Local restaurant eager for Phase One rollout

Danny Turner is the first person to eat at Shindig’s new outdoor dining area. Turner serves on Martinsville City Council.

By Brandon Martin

Those cruising on Main Street in Martinsville may do a doubletake at the new lime green umbrellas that cover three picnic tables in front of the former Leed’s Music Center.

The tables are part of the latest efforts by Tammy Pearson, owner of local eatery Shindig (an Uptown Bistro + Catering), to host guests following the start of Phase One for Virginia’s economic reopening.

Under the Phase One guidelines, restaurants that have an outdoor seating permit can fill that area at 50 percent capacity. On May 13, Virginia ABC announced that it will be accelerating the process for licensees to receive approval for temporary outside dining areas.

Shindig’s (an Uptown Bistro + Catering) owners and staff were happy to participate in Phase One of the reopening effort, and already are looking forward to Phase Two.

“We are trying to make sure we are reacting to the marketplace as quickly as we can,” Pearson said. “The city was kind enough to give us permission along with the building owner here. We can serve a full menu. A full drink menu as well.”

It’s required by law that restaurants must have a separate license to serve alcohol outdoors. Restaurants looking to take advantage of the expedited services must have written approval for temporary outside dining from their local government and must provide a diagram of the outdoor dining area to the Virginia ABC.

“When we originally asked, the ABC board said they were not expanding any ABC areas,” said Martinsville City Council Member Danny Turner, who was the first to try a meal on Shindig’s new outdoor tables. “At the time, there really wasn’t any benefit in it. Most people didn’t need ABC provisions to sell out in their parking lot but these are special times.”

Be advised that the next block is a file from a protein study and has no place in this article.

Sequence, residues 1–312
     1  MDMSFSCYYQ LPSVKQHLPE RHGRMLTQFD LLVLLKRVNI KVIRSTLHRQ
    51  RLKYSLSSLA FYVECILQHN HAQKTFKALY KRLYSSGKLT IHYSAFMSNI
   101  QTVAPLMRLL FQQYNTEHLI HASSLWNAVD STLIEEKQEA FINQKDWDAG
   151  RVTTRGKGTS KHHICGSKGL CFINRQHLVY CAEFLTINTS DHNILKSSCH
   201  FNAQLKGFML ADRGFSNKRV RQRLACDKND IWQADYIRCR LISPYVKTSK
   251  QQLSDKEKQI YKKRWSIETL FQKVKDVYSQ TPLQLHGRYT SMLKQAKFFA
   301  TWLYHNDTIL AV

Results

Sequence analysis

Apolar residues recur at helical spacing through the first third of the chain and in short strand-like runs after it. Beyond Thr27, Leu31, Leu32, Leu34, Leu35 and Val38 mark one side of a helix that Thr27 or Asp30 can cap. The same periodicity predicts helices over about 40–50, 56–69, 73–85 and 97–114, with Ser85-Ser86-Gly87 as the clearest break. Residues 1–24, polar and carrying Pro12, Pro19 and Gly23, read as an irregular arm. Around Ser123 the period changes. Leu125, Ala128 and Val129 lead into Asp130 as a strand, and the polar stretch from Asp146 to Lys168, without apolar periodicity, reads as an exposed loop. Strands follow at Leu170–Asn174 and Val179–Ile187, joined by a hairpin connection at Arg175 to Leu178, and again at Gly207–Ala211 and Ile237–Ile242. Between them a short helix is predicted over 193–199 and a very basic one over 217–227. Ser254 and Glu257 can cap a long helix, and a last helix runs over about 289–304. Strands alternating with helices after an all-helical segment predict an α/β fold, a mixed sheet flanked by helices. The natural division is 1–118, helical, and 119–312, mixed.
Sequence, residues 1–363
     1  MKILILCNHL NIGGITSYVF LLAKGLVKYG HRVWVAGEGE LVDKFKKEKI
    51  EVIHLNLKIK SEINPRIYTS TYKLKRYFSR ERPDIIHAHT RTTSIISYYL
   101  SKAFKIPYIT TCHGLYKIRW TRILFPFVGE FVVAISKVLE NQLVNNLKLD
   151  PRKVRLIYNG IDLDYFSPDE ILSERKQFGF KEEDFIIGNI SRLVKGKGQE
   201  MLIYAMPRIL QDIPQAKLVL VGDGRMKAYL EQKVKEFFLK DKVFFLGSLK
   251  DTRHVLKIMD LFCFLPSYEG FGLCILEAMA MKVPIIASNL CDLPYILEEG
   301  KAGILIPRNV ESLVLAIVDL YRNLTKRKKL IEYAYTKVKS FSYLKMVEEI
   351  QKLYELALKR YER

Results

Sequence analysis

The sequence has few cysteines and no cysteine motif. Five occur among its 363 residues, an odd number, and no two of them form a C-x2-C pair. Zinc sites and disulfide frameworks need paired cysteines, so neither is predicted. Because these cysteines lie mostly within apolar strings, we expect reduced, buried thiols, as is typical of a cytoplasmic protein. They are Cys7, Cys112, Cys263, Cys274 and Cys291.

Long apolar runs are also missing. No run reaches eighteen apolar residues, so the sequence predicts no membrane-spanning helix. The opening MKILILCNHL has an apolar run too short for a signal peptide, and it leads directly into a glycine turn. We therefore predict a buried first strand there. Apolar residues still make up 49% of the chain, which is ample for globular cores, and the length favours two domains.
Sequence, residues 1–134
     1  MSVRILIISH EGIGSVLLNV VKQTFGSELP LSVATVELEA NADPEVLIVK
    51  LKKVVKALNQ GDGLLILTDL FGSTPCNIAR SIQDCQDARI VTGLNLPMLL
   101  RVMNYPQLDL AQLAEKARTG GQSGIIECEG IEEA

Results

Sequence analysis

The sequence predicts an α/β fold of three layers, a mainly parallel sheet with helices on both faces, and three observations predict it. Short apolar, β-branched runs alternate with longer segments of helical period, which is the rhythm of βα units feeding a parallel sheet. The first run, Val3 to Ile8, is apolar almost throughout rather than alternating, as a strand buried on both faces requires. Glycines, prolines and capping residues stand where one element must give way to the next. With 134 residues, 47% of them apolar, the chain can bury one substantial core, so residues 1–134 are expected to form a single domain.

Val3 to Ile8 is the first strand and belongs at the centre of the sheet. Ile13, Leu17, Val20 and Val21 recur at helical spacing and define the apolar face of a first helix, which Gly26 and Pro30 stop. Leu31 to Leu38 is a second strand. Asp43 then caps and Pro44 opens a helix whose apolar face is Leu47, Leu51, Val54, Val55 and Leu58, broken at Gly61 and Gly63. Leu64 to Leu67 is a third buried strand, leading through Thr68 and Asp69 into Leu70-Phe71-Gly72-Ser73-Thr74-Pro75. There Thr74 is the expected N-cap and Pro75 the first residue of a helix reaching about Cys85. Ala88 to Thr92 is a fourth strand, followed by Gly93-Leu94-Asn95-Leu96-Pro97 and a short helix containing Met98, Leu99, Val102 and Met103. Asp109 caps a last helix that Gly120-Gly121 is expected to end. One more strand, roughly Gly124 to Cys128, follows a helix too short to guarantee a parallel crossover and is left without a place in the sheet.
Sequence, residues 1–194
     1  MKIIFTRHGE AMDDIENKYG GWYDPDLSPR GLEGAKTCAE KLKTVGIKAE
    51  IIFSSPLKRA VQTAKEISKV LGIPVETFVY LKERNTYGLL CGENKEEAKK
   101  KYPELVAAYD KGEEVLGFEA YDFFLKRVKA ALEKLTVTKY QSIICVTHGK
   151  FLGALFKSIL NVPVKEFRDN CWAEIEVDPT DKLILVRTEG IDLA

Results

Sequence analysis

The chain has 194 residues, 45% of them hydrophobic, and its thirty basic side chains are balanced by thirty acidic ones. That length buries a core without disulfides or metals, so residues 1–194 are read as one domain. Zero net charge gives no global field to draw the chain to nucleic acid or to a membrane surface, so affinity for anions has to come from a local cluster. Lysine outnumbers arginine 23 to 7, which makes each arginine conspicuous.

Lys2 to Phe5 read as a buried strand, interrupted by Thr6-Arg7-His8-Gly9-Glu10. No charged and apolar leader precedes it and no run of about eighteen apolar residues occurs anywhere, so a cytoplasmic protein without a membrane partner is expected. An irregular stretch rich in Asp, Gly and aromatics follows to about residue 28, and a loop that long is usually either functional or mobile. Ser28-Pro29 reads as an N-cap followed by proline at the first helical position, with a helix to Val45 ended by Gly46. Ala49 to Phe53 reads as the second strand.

Pearson said that Turner and State Sen. Bill Stanley, R-Moneta, were instrumental in the bistro quickly obtaining their ABC permits to be able to serve their outdoor guests.

“I can’t tell you how excited we are,” Pearson said. “And it’s not just because of the sales and revenue and things like that. I think one of the reasons a lot of our employees are in the restaurant industry is because they love the interaction between their customers. We have really, really missed that. We treat (customers) like guests or like family,”

She added that Shindig will continue to provide delivery and curbside pick-up services as well and “hopefully in Phase Two, we will be able to open up the area for dining.”

There are a few other guidelines that businesses must follow in order to qualify for a permit. The outdoor dining must be within 100 feet of the restaurant in question, and adequate tables and chairs must be provided. Using the area for the selling and consumption of alcohol is only allowed between 6 a.m. and 11 p.m. unless further limited by authorization from a local government. Areas used after sunset must be well lit and lighting should be sufficient for eating outdoors and determining a customer’s age and sobriety.

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